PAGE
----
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Grits to Glory is Good Enough to Eat

Photo courtesy Pelican Publishing

 

–By Michael Pierce

 

GRITS TO GLORY: HOW SOUTHERN COOKIN’ GOT SO GOOD by Joe Johnston. Pelican Publishing, April 2018.

I must confess two things here at the outset.

First, I have known Joe Johnston for several years.

Second, I am a true son of the south. My parents were both from Arkansas, and all my direct ancestors came to Virginia, down through the Carolinas, through Kentucky, Tennessee, Alabama and Arkansas, and finally to Missouri. I like to tell people that some of my ancestors didn’t fare so well when they first came to Missouri. There were six Pierce boys who were in the 23rd Arkansas Infantry, CSA with General Sterling Price when he came into Missouri in the fall of 1864. Miraculously, they all survived the war.

For me, GRITS TO GLORY, from beginning to end, brought back many fond memories. Mom’s, dad’s, and my grandparents’ cooking. I was raised on beans and cornbread, mom’s meatloaf, all of their cakes and pies, turnips and turnip greens, and Alabama White Sauce when we barbecued. I remembered my dad and my Uncle Wesley making peanut brittle every time they got together, and I can still taste its crunchy sweetness in my memories. They’re all gone now, but their memories live on in familiar tastes and smells, and in my own cooking.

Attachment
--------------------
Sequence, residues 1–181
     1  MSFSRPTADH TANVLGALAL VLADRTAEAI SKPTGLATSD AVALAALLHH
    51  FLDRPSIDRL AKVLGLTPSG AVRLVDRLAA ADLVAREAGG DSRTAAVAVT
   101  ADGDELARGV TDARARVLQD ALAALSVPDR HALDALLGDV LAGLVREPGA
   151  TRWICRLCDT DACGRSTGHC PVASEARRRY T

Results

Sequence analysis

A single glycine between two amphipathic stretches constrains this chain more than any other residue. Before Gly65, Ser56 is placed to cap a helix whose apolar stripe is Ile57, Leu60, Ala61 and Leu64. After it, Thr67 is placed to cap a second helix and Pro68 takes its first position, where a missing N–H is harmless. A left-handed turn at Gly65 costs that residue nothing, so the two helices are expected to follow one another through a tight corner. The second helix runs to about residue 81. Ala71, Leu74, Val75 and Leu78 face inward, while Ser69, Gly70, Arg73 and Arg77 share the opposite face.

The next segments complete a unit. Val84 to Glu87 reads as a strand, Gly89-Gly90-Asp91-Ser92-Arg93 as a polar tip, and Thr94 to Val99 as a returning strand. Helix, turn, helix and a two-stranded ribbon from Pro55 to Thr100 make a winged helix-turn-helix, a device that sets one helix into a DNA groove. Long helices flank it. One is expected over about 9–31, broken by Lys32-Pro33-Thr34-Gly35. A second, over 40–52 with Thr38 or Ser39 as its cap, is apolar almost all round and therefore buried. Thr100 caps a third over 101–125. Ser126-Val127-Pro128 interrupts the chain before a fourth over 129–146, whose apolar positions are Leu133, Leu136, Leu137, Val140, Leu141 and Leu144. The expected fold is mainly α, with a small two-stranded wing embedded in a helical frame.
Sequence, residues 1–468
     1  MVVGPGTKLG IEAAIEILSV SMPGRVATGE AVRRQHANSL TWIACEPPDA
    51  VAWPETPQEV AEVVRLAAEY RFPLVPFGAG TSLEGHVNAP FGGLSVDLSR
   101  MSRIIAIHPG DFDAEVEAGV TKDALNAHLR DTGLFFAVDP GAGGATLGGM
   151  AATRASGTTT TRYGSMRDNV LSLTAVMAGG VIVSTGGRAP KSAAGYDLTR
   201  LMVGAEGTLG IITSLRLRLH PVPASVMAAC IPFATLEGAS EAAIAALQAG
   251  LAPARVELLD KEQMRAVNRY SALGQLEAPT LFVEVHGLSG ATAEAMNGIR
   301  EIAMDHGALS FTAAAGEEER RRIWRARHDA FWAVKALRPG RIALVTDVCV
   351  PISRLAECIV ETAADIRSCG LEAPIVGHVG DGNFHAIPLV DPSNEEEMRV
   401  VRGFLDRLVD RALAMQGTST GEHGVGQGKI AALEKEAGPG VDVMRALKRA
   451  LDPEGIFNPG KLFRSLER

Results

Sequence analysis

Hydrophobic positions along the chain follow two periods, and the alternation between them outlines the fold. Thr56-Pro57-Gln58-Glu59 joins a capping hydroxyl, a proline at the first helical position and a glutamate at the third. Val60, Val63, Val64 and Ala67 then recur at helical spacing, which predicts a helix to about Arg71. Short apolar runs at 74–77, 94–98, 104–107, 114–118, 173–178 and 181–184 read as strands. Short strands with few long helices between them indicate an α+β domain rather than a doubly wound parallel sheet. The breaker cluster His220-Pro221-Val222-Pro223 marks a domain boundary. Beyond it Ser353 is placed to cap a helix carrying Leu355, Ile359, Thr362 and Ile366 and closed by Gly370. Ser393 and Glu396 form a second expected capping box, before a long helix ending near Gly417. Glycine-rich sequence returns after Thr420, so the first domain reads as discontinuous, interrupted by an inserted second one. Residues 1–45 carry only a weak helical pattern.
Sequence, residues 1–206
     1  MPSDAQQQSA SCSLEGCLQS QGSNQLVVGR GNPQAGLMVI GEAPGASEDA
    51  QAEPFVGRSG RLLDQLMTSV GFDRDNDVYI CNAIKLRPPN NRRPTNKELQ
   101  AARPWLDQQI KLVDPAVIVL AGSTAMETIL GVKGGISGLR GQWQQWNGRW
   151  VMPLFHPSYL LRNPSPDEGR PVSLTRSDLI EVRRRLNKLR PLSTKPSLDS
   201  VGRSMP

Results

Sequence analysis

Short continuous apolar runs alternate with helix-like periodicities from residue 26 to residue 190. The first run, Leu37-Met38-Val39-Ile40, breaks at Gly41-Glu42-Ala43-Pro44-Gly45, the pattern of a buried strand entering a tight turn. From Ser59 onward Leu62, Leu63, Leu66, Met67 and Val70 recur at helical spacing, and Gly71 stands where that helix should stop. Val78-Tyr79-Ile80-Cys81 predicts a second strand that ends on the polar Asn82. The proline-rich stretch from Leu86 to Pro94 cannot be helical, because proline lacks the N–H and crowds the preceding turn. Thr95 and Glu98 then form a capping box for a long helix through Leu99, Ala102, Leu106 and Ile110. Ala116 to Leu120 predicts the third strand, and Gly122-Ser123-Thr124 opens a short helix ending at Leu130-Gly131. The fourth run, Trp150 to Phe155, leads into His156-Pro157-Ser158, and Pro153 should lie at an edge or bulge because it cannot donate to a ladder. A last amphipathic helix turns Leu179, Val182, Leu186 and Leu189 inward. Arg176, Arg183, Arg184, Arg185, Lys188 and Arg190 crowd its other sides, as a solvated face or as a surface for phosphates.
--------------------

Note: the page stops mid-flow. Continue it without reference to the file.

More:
GRITS TO GLORY is a fabulous history of how Southern Cookin’ came to be. Joe Johnston has given us, in excellent detail, of all the various cultural influences that get stirred into the pot in the South. When you throw in the influences of American Indians, French, English, Irish, Scots, and African slaves into a giant melting pot, something delicious is bound to come out.

Joe gives us a look into the post-Civil War South, where food was scarce and, quite often, folks had to make do. Think of what we call Chess Pie, which originated with Aunt Jule Anne, formerly a slave in Virginia. She used ingredients at hand to make what she called Jeff Davis Pie for the Warren family and their guests shortly after the war. A week later she created the same pie for a church convention and, since Jeff Davis tended to be a tad unpopular for lots of folks at the time, she called it Chess Pie, and a legendary Southern dessert was born.

Sometimes what has become a classic Southern dish was the result of a simple mistake. My wife recently cooked up some ham and beans. You can’t have ham and beans without cornbread, so I started gathering ingredient. Martha White Cornmeal Mix, with Hot Rize – check. One egg – check. Bacon grease – check. Milk – this is where it gets interesting. All we had was almond milk. Put the bacon grease in a skillet and heat it on the stove while the oven preheats. When the bacon grease begins to bubble, pour in the cornbread batter. I had too much bacon grease, and it flowed up and over the top of my batter. When I took it out of the oven twenty minutes later, the top of the cornbread was slightly crispy and it hadn’t risen to its normal height. I realized I had made what my great grandma always called fry bread. It was delicious.

This book is also filled with lots of simple, profound wisdom, which made me think of both of my grandpas. They were country philosophers.

GRITS TO GLORY is the kind of book where I hated to reach the end. All those memories. All that good cookin’. If you’re a Southerner, this book will make you smile. If you’re not, it will help you understand.

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